Friday Funny – Teasing the Dog

30 03 2012

Cold War History: Domestic Propaganda

26 03 2012

I came across this public service announcement, evidently issued by the U.S. Air Force and Convair, a onetime producer of fighter aircraft (and “A Division of General Dynamics” as you can see in the poster):

Thanks to Vintage Ads and user spuzzlightyear for this find:

Be assured, if that picture were to scale, that milkman would be cowering in fear on the ground, shattered milk bottles all around him.  Then again, anyone would have done the same; that would be a “low pass” if ever there was such a thing!  That lead plane appears to have barely cleared the roof of the house in the background.  OK, it probably was not meant to be scale, but it’s funny to imagine.

(As an aside, we have been out in the desert up on a small plateau surveying the landscape, and have had fighters come screaming right over us.  It is terrifying – it’s like the biggest bird you ever saw came swooping down at you so fast that you never saw nor heard them coming.  It flashes over you and then it’s gone, and a split second later a deafening roar as the sounds catches up.  It’s quite terrifying as you can probably imagine.)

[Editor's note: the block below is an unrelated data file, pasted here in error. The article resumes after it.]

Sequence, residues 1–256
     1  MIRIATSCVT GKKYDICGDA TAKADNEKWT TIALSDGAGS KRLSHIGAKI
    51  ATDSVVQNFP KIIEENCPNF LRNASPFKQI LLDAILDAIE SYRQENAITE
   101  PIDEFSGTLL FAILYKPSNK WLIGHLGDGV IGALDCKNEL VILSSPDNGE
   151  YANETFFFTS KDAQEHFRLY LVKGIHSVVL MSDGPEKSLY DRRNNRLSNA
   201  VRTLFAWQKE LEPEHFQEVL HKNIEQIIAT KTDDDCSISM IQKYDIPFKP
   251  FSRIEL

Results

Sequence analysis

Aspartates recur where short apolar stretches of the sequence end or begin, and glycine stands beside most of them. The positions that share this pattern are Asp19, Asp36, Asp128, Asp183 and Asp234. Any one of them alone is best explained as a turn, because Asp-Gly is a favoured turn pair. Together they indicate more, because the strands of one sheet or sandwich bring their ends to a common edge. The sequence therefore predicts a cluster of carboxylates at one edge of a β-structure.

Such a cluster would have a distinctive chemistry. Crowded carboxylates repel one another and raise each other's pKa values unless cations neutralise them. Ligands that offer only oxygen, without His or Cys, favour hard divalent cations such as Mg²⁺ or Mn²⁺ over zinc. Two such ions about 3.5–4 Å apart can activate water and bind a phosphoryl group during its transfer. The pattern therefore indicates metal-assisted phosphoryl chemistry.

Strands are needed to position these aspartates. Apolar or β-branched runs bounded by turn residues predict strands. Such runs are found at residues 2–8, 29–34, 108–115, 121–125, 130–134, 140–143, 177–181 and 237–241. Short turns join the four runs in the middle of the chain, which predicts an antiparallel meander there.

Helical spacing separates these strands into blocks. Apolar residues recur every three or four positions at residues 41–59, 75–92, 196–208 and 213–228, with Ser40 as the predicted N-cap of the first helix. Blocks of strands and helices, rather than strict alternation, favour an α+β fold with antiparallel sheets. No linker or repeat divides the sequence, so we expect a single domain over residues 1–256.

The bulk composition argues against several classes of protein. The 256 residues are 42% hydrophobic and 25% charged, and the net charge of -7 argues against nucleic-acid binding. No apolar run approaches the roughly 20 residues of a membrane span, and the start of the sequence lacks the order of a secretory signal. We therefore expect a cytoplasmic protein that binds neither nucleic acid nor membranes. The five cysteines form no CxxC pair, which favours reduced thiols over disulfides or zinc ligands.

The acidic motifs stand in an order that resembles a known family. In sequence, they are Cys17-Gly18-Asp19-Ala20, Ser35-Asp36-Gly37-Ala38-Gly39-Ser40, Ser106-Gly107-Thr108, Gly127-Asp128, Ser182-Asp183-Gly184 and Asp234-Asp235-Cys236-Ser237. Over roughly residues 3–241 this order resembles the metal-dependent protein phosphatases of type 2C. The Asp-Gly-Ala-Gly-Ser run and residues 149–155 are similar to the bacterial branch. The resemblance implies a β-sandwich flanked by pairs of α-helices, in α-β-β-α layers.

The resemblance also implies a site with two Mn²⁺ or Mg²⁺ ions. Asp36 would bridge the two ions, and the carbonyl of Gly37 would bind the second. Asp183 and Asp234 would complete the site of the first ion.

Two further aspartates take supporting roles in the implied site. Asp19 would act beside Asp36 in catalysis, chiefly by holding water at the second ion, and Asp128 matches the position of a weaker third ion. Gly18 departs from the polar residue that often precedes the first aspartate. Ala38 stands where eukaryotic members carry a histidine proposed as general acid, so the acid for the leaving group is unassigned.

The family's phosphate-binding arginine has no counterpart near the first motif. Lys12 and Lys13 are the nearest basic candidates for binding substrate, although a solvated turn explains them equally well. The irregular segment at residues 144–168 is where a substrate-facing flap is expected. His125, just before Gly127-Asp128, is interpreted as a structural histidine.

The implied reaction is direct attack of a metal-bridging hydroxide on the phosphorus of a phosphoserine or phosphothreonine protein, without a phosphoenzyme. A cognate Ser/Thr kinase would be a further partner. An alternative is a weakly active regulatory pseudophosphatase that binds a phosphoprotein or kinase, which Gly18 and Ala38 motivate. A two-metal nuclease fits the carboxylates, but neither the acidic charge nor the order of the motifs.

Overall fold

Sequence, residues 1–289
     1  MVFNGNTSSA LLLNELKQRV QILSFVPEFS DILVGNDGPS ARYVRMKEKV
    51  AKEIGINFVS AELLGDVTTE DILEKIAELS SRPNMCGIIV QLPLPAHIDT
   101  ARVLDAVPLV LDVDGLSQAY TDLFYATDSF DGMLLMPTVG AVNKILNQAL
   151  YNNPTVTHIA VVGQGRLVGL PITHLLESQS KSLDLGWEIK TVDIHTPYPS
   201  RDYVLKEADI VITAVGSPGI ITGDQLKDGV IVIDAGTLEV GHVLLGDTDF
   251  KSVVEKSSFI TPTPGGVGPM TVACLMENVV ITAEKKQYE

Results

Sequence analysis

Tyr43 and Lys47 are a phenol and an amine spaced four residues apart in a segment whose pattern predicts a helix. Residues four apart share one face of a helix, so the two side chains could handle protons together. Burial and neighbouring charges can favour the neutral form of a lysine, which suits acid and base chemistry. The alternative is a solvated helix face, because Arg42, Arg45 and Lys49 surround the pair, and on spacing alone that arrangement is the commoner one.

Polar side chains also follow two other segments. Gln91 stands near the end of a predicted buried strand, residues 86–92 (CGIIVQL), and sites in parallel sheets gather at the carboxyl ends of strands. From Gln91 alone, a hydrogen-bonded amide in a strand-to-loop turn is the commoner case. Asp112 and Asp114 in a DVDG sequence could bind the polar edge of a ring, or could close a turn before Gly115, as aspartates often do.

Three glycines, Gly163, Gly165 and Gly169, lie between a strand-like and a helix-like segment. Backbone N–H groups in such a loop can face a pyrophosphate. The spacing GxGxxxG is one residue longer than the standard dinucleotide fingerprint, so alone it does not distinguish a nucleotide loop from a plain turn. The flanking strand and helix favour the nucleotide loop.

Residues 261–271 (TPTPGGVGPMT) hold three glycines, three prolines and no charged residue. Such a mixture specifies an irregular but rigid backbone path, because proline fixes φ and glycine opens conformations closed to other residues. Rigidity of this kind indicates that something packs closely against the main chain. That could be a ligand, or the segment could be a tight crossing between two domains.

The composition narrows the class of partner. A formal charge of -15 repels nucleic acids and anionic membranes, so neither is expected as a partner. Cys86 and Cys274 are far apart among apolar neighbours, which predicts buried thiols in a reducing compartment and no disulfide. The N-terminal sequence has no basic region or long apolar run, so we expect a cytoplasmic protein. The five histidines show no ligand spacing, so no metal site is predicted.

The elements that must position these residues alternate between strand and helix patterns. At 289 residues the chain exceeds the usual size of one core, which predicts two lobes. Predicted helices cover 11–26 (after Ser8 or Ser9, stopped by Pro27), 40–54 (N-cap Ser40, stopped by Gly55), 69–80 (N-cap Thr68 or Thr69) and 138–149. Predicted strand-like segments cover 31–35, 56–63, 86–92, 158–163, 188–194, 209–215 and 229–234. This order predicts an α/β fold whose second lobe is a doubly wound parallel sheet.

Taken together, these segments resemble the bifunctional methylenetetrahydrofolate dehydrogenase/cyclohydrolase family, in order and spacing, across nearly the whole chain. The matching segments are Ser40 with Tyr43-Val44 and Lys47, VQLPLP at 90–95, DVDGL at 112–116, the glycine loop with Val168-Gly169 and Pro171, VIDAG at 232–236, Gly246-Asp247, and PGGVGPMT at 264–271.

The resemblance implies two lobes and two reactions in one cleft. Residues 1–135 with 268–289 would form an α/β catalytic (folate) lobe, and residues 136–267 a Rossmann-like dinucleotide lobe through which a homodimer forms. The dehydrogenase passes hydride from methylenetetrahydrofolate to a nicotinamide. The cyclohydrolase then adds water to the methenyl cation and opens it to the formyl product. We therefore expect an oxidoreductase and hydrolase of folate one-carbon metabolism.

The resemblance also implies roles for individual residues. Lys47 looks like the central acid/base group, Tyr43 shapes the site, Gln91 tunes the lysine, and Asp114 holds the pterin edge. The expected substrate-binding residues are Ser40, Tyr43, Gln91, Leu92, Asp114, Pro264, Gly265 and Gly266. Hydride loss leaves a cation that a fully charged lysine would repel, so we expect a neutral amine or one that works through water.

The caption, for those of you having a hard time reading it, reads (their emphasis):


Freedom Has a New Sound !

All over America these days the blast of supersonic flight is shattering the old familiar sounds of city and countryside.

At U.S. Air Force bases strategically located near key cities our Airmen maintain their round the clock vigil, ready to take off on a moment’s notice in jet aircraft like Convair’s F-102A all-weather interceptor.  Every flight has only one purpose – your personal protection!

The next time jets thunder overhead, remember that the pilots who fly them are not willful disturbers of your peace; they are patriotic young Americans affirming your New Sound of Freedom!

Published for better understanding of the mission of the U.S.A.F. and Air Defense Command

Convair – A Division of General Dynamics Corporation


Basically they are saying, when you start getting upset by all of the screaming jets and sonic booms, remember that it’s not simply a bunch of “fighter jocks” messing around up there, but rather they are practicing to be able to (hopefully) save your ass in the case of an attack.